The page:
1. A two-year plan for NFL coaches
There is no better metric for the lack of patience owners now have than the next paragraph you're about to read.
Joe Philbin was fired by the Dolphins after a little more than three seasons. Chip Kelly by the Eagles after less than three. Mike Pettine by the Browns after two. Lovie Smith by the Bucs after two. Ken Whisenhunt by the Titans after one and change. Jim Tomsula by the 49ers after one.
I asked NFL league office and team executives when was the last time so many head coaches were fired after so little time with their teams? The answer I got from everyone was: I'm sure it's happened before, but I can't remember.
Well, neither can I. Even some of the coaches who survived, like the Colts' Chuck Pagano, lost significant portions of their staffs in order to stay.
With the stunning dismissal of Smith, the Buccaneers, in fact, have fired three consecutive coaches who failed to reach their fourth season.
The leash for coaches has always been short, but now it's measured in millimeters. This may be the most brutal era for head coaches in the NFL.
Coaches get hired, and coaches get fired. This is a part of their job. They know this. They get it. They don't want our sympathy. They make a great deal of money. No pity party needed.
This is more about how owners, despite the obvious stupidity of making constant changes, despite how that sets back an organization, are still making those types of moves.
If you look at this year's list of fired guys, it's mostly filled with the usual losing teams: the Browns, the Dolphins, the Buccaneers. The Dolphins have had nine coaches since 2004. The fact the teams that change coaches the most are also among the league's biggest losers isn't coincidental.
The moral of this story is not a complicated one. Owners have invested large sums of money to buy teams. To some owners—not all but enough—these teams are toys. When the toys don't amuse them, they change the toys. They see coaches as interchangeable, and continuity as something that's not vital.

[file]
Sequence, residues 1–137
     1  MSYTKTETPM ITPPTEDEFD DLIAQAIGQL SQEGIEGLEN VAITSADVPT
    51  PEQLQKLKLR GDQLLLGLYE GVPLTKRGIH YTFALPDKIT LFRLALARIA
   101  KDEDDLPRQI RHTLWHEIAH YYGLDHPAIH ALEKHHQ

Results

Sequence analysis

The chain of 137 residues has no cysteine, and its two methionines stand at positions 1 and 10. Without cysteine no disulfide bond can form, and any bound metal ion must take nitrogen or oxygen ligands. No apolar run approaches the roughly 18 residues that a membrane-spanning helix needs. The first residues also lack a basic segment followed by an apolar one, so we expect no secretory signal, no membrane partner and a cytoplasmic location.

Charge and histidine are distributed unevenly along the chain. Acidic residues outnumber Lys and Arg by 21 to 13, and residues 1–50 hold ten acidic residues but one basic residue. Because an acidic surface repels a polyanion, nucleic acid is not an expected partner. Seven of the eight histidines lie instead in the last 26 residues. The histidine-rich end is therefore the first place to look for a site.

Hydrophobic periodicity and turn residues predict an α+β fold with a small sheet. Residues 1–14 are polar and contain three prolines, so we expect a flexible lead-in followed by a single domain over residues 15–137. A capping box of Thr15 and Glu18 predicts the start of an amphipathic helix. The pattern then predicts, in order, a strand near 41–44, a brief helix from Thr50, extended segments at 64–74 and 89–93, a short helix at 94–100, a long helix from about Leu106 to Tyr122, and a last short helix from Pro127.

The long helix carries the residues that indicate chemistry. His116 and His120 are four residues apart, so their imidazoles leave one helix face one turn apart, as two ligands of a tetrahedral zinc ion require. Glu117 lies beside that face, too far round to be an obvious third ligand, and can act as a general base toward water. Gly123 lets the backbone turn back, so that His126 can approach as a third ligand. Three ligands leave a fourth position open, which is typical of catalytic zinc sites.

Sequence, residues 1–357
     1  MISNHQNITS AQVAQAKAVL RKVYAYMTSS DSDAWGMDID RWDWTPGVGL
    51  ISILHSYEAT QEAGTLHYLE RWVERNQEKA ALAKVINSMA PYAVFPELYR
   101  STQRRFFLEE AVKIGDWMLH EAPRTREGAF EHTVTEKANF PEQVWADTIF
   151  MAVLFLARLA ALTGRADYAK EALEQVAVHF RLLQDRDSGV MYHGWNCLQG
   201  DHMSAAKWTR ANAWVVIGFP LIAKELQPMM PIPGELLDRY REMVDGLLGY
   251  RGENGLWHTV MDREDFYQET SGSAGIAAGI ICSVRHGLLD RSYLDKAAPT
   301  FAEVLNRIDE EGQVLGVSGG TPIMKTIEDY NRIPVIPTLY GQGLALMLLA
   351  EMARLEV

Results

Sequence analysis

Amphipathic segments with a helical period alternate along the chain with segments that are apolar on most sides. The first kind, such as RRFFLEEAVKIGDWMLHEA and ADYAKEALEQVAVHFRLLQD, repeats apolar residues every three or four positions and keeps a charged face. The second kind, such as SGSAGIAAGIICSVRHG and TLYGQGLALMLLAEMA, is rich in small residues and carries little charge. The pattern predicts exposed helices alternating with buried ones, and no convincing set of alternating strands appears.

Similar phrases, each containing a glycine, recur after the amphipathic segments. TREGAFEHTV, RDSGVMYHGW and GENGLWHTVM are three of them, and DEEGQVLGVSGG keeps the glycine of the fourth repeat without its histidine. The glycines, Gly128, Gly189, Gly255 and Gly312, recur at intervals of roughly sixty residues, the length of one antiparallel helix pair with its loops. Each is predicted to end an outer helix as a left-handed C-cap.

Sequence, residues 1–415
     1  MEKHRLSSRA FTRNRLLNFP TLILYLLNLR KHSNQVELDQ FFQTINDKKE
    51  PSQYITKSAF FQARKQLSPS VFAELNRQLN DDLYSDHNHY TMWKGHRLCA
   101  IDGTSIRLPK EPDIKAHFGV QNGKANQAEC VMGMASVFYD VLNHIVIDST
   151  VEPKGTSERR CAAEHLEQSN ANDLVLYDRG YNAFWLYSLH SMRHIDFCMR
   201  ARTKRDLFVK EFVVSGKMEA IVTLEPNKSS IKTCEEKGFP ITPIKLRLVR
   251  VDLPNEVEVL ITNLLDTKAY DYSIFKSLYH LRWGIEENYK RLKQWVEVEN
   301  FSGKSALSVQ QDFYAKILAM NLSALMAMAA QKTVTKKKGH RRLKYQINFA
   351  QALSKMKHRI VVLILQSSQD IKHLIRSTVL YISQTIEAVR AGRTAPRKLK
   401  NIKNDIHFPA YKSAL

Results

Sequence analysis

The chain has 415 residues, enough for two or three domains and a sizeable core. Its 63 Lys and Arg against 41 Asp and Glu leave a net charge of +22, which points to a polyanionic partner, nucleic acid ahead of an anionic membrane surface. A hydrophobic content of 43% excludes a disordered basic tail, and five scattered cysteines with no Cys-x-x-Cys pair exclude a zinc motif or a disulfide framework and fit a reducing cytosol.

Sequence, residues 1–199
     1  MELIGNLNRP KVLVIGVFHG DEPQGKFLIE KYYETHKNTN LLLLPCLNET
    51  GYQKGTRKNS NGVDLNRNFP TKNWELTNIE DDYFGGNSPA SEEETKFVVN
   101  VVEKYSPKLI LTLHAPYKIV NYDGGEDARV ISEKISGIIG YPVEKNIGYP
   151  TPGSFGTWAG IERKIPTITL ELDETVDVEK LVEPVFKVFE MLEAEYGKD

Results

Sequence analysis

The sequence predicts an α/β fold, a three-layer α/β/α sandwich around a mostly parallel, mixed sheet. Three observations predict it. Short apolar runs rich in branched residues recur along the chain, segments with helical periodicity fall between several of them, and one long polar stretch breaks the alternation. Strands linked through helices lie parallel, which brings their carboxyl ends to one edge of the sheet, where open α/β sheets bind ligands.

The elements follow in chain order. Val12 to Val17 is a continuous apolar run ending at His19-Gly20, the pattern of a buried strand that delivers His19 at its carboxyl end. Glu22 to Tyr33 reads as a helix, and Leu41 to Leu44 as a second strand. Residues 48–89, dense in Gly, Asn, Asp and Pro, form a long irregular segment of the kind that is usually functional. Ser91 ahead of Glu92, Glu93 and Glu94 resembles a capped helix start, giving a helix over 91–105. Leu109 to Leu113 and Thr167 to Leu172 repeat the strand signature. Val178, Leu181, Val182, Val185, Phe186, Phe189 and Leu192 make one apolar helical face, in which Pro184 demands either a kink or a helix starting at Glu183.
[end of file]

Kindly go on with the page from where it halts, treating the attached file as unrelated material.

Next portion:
Cool if continuity happens, some owners think. If not, no biggie, dude. Is the jet fueled?
One of the most interesting moments of the firing season came in New York. It was the press conference where John Mara—a smart, patient owner—was speaking about Tom Coughlin. There was something Mara said that was really striking:
I think back over the last 12 years how many times people had him dead and buried and fired, including a lot of the people in this room. I'm very thankful that he was able to persevere, that we were all able to persevere through that and go through the 12 years we had, all the success we had, all the professionalism he brought to this organization. I just can't think of anybody who could have done a better job.
It was the "12 years" part. Twelve years. Coughlin was coach for 12 years. That is like 100 years now. There were low points, for sure, but in those dozen years, the Giants won two Super Bowls. That situation exemplifies why a franchise should be patient.
His first season, he went 6-10. This 49ers regime might have fired him after that season.
The leash is short. So short it's now just l-e-a-s. The "h" was just fired.
2. You are the culture you create
First, I like Marvin Lewis. A great deal. Good man. Good human being.
But I don't think there's any question Lewis hasn't done enough to curb nasty behavior from some of his players. Yes, the Bengals aren't the only team with culture issues. Yes, the Steelers players weren't angels, either. Yes, yes, yes. Glad we got that out of the way.
The problem is, the Bengals' history with on-field and off-field issues goes back years under Lewis. It's all well-chronicled. A great example is solid citizen Vontaze Burfict. It wasn't just the cheap shot he delivered against the Steelers.
Go back one week earlier in a game against the Ravens. This hit by Burfict is just totally inexcusable:
People who think Burfict's hit on Antonio Brown is bad need to look at his hit on Maxx Williams last week. https://t.co/05ZOQtzKaB— John Urschel (@JohnCUrschel) January 10, 2016
That hit is so dirty. What a coach like Lewis needs to do is discipline Burfict himself, not wait for the NFL to do something. Maybe Lewis fined Burfict, but I doubt it. What's certain is Burfict didn't lose any playing time.
If he's not punished, why would Burfict feel the need to change?
Clearly, he didn't. A week later, he did something similar. Why not?
But it's not just Burfict. Steelers offensive lineman Ramon Foster said Tuesday on Pittsburgh radio station The Fan that at least one other Bengals player was spitting on Steelers players. That is a lack of control by the head coach.
"If you can't control your players, then maybe somebody else should be trying to control them," Rodney Harrison said on NBC.
"Cincinnati has had a history of taking these types of players. ... That's probably the reason they haven't won a playoff game in over 20 years," Tony Dungy said on the same broadcast.
This is what I mean by culture. If Burfict has no incentive to change, why would he?
3. More on the Bengals
CBS broadcasters lit into the Bengals, and I thought the comments were noteworthy, both in their substance and uniformity. You rarely see former players and coaches hit current players and coaches so hard.